The problem is, do they want the Muppets back so badly that they’re willing for Disney to be in charge of them? Let’s face it — on most analyses of the company’s business practices or its artistic oeuvre, modern Disney sucks. And while there are many things that it sucks at — theme parks, fending off hostile takeover bids from Comcast, keeping any parent in its children’s films alive past the first reel — what it surely sucks at the most is being funny. The entire Disney corporation couldn’t tell a joke if Mickey Mouse’s life depended on it. Or, rather, it could — but it would first have to pass it through three focus groups, all its senior management, Disney’s representatives in China, the National Rifle Association, the League of Decency and, probably, Condoleezza Rice, just to check that it wouldn’t offend anyone, and subsequently lose the company a single $5 ticket at the box office.
That’s the thing with conservative, global monoliths — they’re not very good at quick, off-the-cuff one-liners. They can’t do irreverent because, when you’re as big as Disney, who are you going to be irreverent about? Yourself?
Having seen every Disney film ever produced — and all, indeed, a great many times — I can tell you that the funniest line Disney ever came up with is in the 1973 animation of Robin Hood. In the chase-sequence towards the end, Prince John shouts “Seize the fat one!!!” while pointing at a big hen in a bonnet. It’s a bit of a “you had to be there” moment.
Typically, Disney humour — such as it is — is a blend of cutesy visual gags that will play well in Albania (a bird lands on Beast’s nose; the Prince in Sleeping Beauty accidentally kisses his horse) and that cheapest of modern humours: wisecracking.
“Not getting cold fins now, are you?” asks Ariel in The Little Mermaid.
“That’s it! The reports are in! Life is officially unfair!” screams the parrot in Aladdin.
The problem with wisecracks — aside from most of them being unfunny — is that they come at the expense of characters, depth or variation. Disney is by no means alone in its reliance on the wisecrack, but the result is that, in almost any mainstream film these days, everyone wisecracks — goodies, baddies, princes, princesses, mermaids, gangsters, parents, children, passers-by, animals, the dead — which makes everyone fundamentally interchangeable. In the end, all you’re left with is a screen full of plastic merchandisable figurines, swapping abstractedly similar, “smart” one-liners. And then having a bird land on their heads.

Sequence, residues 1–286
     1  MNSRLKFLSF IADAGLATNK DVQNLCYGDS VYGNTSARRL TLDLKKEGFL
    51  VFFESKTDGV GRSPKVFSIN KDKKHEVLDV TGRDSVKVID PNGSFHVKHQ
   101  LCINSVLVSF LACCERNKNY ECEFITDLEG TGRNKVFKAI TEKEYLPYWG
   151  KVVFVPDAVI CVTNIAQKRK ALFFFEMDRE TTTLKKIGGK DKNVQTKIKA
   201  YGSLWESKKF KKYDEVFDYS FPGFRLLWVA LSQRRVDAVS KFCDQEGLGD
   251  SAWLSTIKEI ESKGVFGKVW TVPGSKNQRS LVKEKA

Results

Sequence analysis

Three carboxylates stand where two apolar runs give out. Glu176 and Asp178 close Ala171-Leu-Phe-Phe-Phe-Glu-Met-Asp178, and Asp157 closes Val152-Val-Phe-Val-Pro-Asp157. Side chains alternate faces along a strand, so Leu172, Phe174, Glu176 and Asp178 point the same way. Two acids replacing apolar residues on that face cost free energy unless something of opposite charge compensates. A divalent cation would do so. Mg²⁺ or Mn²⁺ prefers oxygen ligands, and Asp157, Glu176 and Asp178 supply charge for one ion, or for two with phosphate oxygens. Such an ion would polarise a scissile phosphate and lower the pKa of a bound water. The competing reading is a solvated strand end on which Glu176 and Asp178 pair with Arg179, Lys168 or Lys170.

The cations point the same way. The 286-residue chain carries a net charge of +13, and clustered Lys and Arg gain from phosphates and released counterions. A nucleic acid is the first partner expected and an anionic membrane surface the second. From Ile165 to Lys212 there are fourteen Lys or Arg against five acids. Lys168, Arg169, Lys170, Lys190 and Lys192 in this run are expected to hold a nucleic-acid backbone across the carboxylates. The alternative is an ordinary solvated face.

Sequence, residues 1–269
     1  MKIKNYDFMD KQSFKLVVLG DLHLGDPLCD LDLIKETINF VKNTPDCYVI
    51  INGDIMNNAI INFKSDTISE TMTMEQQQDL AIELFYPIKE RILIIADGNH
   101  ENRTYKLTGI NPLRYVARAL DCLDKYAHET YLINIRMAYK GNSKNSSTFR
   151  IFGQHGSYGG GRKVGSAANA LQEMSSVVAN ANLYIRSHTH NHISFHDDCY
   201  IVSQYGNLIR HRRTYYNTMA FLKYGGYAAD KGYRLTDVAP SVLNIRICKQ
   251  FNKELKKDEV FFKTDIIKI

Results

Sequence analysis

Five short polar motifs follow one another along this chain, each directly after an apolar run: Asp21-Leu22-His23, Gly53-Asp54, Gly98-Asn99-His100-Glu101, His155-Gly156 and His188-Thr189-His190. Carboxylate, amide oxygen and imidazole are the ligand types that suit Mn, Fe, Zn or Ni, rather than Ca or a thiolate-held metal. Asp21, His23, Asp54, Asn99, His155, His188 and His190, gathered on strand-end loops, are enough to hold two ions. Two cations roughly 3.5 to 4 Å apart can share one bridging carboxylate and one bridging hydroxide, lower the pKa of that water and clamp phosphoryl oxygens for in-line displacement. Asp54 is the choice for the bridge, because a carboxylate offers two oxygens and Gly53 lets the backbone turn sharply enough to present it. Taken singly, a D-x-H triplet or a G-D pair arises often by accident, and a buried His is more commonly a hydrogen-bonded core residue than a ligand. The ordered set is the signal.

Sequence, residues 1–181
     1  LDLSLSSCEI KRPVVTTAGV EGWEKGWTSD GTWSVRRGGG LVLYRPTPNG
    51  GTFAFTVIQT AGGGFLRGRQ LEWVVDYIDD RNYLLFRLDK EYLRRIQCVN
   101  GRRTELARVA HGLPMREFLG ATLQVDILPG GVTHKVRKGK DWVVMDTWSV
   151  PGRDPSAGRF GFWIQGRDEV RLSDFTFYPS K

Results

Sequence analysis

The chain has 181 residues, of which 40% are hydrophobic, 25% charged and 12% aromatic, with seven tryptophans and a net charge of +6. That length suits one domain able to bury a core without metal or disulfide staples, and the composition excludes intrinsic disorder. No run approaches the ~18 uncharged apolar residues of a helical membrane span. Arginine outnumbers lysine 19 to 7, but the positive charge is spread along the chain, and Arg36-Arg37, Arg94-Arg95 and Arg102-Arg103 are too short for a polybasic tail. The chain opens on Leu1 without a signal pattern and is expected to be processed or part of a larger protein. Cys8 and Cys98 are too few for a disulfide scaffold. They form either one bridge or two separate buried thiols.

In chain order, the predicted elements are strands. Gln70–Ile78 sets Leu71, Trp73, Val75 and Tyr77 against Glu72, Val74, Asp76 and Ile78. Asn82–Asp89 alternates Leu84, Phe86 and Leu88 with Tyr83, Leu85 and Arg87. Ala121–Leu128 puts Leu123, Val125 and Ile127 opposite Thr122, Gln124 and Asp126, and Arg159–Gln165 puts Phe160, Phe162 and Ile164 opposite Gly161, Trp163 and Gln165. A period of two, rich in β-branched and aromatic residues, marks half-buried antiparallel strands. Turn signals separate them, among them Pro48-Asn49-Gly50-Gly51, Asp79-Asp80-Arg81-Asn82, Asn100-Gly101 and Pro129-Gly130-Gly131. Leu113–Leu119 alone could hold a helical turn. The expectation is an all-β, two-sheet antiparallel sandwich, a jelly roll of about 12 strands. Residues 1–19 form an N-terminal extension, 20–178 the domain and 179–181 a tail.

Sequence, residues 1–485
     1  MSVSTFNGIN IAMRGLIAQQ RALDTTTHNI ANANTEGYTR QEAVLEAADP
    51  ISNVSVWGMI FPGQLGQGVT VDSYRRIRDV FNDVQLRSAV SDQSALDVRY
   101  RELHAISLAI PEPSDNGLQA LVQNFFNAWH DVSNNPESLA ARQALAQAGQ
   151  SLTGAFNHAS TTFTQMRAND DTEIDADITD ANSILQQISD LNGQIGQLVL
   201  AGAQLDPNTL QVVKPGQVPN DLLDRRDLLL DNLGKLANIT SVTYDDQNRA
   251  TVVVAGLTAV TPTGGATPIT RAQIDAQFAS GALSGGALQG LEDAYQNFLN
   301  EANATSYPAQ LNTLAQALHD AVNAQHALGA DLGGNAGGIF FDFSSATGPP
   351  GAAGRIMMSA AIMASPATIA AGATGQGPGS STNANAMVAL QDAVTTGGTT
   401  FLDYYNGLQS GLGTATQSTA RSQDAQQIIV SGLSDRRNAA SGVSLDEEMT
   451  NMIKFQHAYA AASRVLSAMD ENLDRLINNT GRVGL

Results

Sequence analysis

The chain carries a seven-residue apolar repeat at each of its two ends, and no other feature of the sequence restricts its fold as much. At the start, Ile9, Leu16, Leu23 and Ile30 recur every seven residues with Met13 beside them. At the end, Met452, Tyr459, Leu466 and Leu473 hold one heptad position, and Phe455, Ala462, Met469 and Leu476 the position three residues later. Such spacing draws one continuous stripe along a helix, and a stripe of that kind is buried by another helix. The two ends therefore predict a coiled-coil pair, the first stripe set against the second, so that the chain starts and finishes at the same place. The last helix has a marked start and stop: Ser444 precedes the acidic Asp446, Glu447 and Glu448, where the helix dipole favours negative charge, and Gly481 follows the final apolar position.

Of course, you might say: “But what about recent Disney hits such as Finding Nemo, The Incredibles and Toy Story? They’re funny. Their humour is character-based. Toy Story had Cliff from Cheers as an irreverent, postmodern, sex-starved Mr Potato Head. This proves that the Muppets could work at Disney.”
The problem is that Pixar, a Disney subsidiary, which has been at loggerheads — both creatively and financially — with Disney for the past few years, makes all of those films. One of Disney’s most recent moves was to announce that it would be exercising its copyright, and making sequels to Pixar’s Toy Story and Finding Nemo — without involving Pixar at all. As you can imagine, this has peeved Pixar no end — particularly as its films pretty much comprise the totality of Disney’s critical and box-office successes this century. Indeed, the last rumours to come out of Hollywood were that Pixar was finding the production of enjoyable, amusing films so difficult under Disney’s aegis that it was going to go independent as soon as its contract expired, next year. Not a good omen for the Muppets’ future.
The problem is that Disney — as one must expect from a global business enterprise — tends to think of its intellectual properties in terms of merchandising opportunities, rather than the opportunity for some great chicken-gags. It’s telling that the announcement about the Muppets’ relaunch mentioned that Muppet ringtones and screen-savers would precede any actual artistic content. And, indeed, that Disney is apparently very keen to resurrect and expand the animated spin-off Muppet Babies — a much more “wisecracking merchandisable figurines”-able format than the real, tatty Gonzo and his battalion of chicken-wives.